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Transforming the Oklahoma Prairie a

David Ross Boyd, the University of Oklahoma’s first president, served from 1892 to 1908 and saw the university grow from a single building to a small campus of five buildings. In addition to his academic leadership, Boyd is known for his interest in horticulture and especially for his planting of trees to beautify the university’s campus.

The university in its entirety, as shown on the Sanborn Map Company’s 1901 insurance map of Norman, Oklahoma Territory.

Soon after the completion of the university’s first building in 1893, President Boyd planted a belt of elms around it to act as a windbreak and to provide shade. To the southeast of the building, he planted an additional five acres of trees in rows. “Boyd’s nursery,” as it became known, provided seedlings for the president’s future plantings. The trees encircling the building may be seen in the forefront of this photo. The nursery is at the far left.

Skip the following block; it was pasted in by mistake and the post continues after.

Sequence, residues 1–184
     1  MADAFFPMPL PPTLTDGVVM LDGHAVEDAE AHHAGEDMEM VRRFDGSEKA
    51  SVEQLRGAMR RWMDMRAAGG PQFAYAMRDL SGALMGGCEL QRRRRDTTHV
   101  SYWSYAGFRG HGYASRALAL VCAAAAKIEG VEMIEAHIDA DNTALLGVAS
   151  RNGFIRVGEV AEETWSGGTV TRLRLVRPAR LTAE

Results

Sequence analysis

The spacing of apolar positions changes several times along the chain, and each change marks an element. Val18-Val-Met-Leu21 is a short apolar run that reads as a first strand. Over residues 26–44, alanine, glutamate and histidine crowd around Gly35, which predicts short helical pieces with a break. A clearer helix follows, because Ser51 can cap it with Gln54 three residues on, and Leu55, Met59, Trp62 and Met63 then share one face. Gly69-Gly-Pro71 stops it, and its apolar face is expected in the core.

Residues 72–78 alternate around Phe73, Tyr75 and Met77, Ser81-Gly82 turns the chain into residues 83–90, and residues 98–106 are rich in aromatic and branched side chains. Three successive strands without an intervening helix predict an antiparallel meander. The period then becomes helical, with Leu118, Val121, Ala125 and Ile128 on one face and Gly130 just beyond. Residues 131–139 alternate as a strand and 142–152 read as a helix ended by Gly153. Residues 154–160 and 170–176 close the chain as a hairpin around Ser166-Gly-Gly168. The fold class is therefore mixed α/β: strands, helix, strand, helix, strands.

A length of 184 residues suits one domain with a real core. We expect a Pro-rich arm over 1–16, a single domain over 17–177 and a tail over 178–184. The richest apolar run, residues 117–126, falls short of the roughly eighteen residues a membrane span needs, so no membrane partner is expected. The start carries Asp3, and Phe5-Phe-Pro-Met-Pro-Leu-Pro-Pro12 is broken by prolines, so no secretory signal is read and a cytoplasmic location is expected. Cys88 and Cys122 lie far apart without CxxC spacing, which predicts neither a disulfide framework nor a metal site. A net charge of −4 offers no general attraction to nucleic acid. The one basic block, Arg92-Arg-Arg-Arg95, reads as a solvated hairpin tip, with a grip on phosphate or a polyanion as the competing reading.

When Vernon L. Parrington, a 26-year old Harvard graduate arrived to teach at the University of Oklahoma, he noted that the “first building stood in a grove of elm trees and across the front and, especially, about the door was a fine growth of ivy.”

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